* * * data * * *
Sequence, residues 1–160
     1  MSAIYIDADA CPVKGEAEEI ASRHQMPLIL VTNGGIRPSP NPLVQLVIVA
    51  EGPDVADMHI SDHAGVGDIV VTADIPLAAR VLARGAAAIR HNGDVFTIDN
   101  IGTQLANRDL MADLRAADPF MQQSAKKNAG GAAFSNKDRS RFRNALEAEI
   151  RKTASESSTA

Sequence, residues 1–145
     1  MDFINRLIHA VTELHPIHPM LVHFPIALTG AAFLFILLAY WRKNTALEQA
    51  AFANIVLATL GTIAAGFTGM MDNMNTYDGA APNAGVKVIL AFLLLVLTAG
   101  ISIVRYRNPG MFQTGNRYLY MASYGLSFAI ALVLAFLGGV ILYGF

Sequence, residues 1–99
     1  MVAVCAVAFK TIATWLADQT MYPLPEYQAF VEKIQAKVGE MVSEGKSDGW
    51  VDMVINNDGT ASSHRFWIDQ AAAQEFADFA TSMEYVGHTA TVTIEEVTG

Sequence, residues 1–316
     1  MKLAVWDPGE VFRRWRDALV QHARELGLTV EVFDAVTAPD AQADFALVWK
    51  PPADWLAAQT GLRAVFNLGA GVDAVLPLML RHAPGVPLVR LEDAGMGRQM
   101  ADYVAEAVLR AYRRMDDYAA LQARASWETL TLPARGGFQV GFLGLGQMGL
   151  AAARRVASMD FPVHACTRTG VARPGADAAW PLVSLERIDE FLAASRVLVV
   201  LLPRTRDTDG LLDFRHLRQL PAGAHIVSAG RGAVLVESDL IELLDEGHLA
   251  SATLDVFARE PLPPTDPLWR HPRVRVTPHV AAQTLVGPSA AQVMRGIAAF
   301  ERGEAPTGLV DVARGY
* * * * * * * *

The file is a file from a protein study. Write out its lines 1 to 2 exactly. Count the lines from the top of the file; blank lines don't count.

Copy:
Sequence, residues 1–160
     1  MSAIYIDADA CPVKGEAEEI ASRHQMPLIL VTNGGIRPSP NPLVQLVIVA